Or, in the words of Jesus, “Except ye repent, ye shall all likewise perish.”
Seems to me that we have blunted the meaning of, “REPENT!” with all sorts of rationalizations:
“That is just the way I am,”
“I am doing the best I can and one’s best is all that God requires,”
“Overall, I am walking in the light, I just have this one problem.”
Repent means change. It does not mean doing the thing less often. A thief does not repent by only holding up 1 store a month instead of 1 a day. Overall, our approach denies the “power of godliness” to change one completely.
We have substituted the power of a magic partaking of the Lord’s Supper for repentance. We seem to believe that if we really think really hard about Jesus’ sacrifice while we partake, and pray hard and feel real, real sorry for our failings (lets not use that 3 letter “S” word), then we will be OK. But, then we did that last week, and the week before and….
And we continue in the same sinful habits, maybe less often: “I’m getting better!”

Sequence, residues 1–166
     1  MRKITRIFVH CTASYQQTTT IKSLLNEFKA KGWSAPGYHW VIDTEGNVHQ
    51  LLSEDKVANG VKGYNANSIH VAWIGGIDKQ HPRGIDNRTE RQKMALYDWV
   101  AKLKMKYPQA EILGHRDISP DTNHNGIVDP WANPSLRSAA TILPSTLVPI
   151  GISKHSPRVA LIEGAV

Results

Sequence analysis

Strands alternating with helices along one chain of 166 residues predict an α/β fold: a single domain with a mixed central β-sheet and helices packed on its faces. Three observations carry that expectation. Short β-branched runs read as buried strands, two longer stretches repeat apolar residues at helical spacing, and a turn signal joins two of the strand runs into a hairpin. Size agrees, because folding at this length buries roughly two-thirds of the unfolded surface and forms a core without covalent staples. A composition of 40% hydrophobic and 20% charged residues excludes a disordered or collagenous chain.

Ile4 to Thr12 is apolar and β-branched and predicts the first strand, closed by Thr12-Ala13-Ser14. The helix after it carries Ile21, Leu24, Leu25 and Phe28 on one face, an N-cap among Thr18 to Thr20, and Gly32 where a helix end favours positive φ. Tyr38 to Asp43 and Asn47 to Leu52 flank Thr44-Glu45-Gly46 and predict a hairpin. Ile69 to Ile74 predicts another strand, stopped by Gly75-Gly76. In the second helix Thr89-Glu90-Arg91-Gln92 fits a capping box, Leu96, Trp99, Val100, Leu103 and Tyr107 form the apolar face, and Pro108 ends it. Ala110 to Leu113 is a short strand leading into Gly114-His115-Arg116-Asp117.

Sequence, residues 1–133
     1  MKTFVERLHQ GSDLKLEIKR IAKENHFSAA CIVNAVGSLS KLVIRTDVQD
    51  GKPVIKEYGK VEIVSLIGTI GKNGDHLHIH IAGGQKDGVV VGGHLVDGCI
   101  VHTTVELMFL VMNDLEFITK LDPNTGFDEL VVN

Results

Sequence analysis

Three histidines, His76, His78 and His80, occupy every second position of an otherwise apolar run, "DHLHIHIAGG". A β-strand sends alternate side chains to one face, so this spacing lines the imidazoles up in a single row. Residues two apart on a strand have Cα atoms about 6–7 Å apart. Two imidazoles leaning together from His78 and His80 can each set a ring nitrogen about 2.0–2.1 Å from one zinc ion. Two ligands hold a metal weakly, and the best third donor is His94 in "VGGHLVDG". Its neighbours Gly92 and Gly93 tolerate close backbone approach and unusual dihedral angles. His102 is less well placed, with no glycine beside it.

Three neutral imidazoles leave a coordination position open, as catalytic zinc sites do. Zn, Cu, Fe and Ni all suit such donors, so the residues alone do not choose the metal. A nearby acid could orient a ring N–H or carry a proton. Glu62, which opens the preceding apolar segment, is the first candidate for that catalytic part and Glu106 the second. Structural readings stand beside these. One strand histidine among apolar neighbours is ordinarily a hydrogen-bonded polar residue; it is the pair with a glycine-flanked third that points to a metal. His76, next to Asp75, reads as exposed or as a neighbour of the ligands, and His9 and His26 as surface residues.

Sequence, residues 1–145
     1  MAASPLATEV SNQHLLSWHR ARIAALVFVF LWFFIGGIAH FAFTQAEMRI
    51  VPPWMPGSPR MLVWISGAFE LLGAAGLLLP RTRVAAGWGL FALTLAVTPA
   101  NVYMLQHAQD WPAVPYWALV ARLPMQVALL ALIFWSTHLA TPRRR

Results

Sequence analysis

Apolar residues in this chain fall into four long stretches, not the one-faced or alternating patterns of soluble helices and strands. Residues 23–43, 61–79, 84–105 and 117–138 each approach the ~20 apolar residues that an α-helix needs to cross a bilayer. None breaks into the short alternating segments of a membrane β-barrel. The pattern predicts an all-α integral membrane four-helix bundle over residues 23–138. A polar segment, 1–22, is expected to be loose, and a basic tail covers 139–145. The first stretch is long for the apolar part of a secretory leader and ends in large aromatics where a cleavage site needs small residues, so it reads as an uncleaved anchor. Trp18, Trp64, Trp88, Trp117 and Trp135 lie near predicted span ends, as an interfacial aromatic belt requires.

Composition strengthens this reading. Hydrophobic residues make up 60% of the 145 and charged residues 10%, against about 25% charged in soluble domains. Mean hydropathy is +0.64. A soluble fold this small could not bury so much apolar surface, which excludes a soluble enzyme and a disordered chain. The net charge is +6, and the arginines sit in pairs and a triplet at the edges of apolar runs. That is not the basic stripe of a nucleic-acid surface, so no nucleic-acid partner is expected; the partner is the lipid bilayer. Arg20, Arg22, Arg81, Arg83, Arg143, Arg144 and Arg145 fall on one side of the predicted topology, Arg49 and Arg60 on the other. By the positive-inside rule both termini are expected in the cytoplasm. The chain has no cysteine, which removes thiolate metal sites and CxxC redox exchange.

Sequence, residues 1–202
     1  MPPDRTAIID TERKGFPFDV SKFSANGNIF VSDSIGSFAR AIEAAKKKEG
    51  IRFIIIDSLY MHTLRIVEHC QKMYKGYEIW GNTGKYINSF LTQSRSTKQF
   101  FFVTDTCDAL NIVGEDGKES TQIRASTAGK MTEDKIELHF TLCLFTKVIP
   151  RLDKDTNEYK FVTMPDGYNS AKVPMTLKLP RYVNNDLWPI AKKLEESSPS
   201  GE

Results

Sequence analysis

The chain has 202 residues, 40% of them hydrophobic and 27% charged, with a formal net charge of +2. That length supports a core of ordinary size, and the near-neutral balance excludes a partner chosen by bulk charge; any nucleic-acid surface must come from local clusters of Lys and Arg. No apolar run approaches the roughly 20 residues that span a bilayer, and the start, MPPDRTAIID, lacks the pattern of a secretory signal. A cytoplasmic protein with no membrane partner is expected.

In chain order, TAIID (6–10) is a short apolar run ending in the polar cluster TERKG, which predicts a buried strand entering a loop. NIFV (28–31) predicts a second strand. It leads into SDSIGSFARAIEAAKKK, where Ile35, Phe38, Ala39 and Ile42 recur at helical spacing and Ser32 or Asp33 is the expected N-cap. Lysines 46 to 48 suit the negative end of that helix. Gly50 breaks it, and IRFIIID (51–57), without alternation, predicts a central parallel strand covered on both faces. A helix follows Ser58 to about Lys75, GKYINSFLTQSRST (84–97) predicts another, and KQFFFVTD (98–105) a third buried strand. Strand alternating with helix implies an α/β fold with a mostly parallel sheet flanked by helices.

Sounds a lot like 2 Cor 7, doesn’t it, where Paul contrasts this with the godly sorrow that works repentance and calls it a sorrow of the world that leads to death.
One may slip and fall after he repents, may even do so more than once. But, repentance means one stops the wrong behavior. God gives us the power to do so, the power of Christ in us, the hope of Glory. We, on the other hand, keep one foot in the pleasures and proclaim, “I am making progress.”
JUST SAY NO.
For see what earnestness this godly grief has produced in you, but also what eagerness to clear yourselves, what indignation, what fear, what longing, what zeal, what punishment! At every point you have proved yourselves innocent in the matter. (2Cor 7:11).
Do you not know that if you yield yourselves to any one as obedient slaves, you are slaves of the one whom you obey, either of sin, which leads to death, or of obedience, which leads to righteousness? (Rom 6:16)